• Laurel A. Rockefeller

Five avoidable errors by Indie authors


Cover art for The Great Succession Crisis, 1st edition paperback as published in September, 2012. Thanks to constructive criticism from reviewers, this cover art changed for the revised edition.



Publication by a big name doesn’t guarantee quality — as a recent conversation with a friend regarding the infamous “Fifty Shades of Grey” revealed, a book widely regarded in literary circles as filled with unprofessional writing and countless technical errors — not to mention shallow characters and the glorification of what many people consider abusive behavior towards women.

Even so, ask most people if they expect great literature from a big name publisher or an independent author, the perception remains to side with big name publishers.

After interviewing authors for consideration for this blog, certain errors do seem to come up over and over again.  Let’s look at them and how you can avoid them in your own writing:

1.  Grammar/punctuation errors

There is a reason why the advice sites tell authors to hire an editor — or at least have a friend go through manuscripts with a fresh set of eyes before publication.  Editing yourself is HARD.  People miss errors in their own work that others will catch.  Looking at the 1st edition of “The Great Succession Crisis,” my own struggles with this are pretty clear.  That edition was far from perfect.

Fortunately, some very kind souls gave me constructive feedback reviews which I listened to.  The result: in January 2013 I released the revised edition.

Let me be clear:  errors are normal.  The difference between a professional and an amateur (in my humble opinion) in this print-on-demand publishing world is what the author does about errors once located.  Do you let miss-spellings, grammar errors, and/or punctuation issues persist, or do you edit and resubmit once you find mistakes?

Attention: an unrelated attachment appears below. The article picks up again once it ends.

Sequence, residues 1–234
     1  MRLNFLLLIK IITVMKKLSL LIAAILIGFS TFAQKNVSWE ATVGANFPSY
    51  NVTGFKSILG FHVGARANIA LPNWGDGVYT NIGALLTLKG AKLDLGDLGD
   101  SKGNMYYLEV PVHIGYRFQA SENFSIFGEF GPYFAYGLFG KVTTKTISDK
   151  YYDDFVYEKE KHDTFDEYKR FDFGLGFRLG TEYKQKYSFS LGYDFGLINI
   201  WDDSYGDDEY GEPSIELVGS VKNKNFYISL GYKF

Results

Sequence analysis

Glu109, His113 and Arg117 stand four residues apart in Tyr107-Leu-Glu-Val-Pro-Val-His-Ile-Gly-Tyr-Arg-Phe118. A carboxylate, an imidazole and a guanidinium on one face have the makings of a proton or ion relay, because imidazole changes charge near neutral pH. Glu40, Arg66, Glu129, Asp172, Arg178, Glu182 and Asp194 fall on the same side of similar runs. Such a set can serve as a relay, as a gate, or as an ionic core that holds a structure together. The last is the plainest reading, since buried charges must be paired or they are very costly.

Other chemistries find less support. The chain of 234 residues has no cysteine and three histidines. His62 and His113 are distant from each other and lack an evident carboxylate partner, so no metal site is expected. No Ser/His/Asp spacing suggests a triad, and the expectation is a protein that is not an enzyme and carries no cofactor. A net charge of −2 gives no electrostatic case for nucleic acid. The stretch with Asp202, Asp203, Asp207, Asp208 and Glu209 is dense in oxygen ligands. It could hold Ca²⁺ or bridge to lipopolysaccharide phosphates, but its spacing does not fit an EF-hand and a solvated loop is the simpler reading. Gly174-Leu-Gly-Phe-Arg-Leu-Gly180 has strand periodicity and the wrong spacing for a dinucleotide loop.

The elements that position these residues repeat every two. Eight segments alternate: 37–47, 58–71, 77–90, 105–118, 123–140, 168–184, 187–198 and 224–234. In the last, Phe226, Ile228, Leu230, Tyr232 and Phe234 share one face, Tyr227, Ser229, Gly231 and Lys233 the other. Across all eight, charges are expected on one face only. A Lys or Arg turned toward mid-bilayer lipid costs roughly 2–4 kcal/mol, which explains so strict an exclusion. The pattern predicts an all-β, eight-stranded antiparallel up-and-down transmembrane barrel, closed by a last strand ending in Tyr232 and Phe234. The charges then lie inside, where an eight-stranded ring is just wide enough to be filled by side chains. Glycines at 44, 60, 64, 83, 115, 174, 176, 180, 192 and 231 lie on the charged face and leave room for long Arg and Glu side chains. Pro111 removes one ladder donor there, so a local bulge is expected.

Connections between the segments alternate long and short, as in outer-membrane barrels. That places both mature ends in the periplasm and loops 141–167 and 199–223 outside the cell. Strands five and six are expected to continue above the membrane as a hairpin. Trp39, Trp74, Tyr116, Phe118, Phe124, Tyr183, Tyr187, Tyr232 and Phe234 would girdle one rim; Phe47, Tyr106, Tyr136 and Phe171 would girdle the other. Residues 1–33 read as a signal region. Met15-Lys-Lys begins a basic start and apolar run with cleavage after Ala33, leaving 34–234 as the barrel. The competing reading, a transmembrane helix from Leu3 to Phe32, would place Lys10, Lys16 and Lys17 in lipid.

Professionals want their work to be as absolutely error-free as possible and make the edits.

2.  Poor cover art

Not everyone is a graphic artist or has great visual instincts.  But most readers can spot stock book covers (such as those created in cover creator programs) a mile away.

Your book cover is the very first thing a reader uses to determine if your book is worth reading. It’s your critical first impression.  If it looks like you just slabbed some text over a generic image, odds are really good potential readers will not take a second look.

3. Over/under pricing

Pricing is hard; it’s taken me a fair amount of trial and error to figure out how to price my books.  But as a rule, the extremes look bad.  That is to say, if you offer your digital book for free or 99 cents (special, limited promotions not withstanding), people are going to often times assume it’s not worth paying for at all.  Unless your “book” is a very short work, DON’T DO IT!

Likewise, don’t price your book outrageously.  A digital book of less than 600 pages selling for more than $20 (I’m going extreme here) comes off as arrogant and not worth buying.  In fact, the poorest reviews I’ve ever seen on a digital book were for books priced well above and beyond normal expectations.

4. Poor book descriptions

Your book description is the second piece of information potential readers see when looking at your work.  Book descriptions ARE HARD as I’ve discovered from personal experience, especially if your book falls into more than one genre at the same time or involves a particularly complex story.  At the same time, your description needs to be clean and professional.  This is not the time to show off your fluency with colorful colloquial language.  When people see grammar errors, spelling errors, and colloquial language in a book description, the inevitable conclusion is the rest of the book is of the same character.

5. Publishing before your work is ready.

Is your story compelling and interesting TO OTHER PEOPLE?  Have you researched your setting and other details thoroughly? Do your characters make sense?  Are your details accurate and believable.

Writing is not about you; it’s about your readers.  Publish quality work others want to read.

Remember:  you are your brand.

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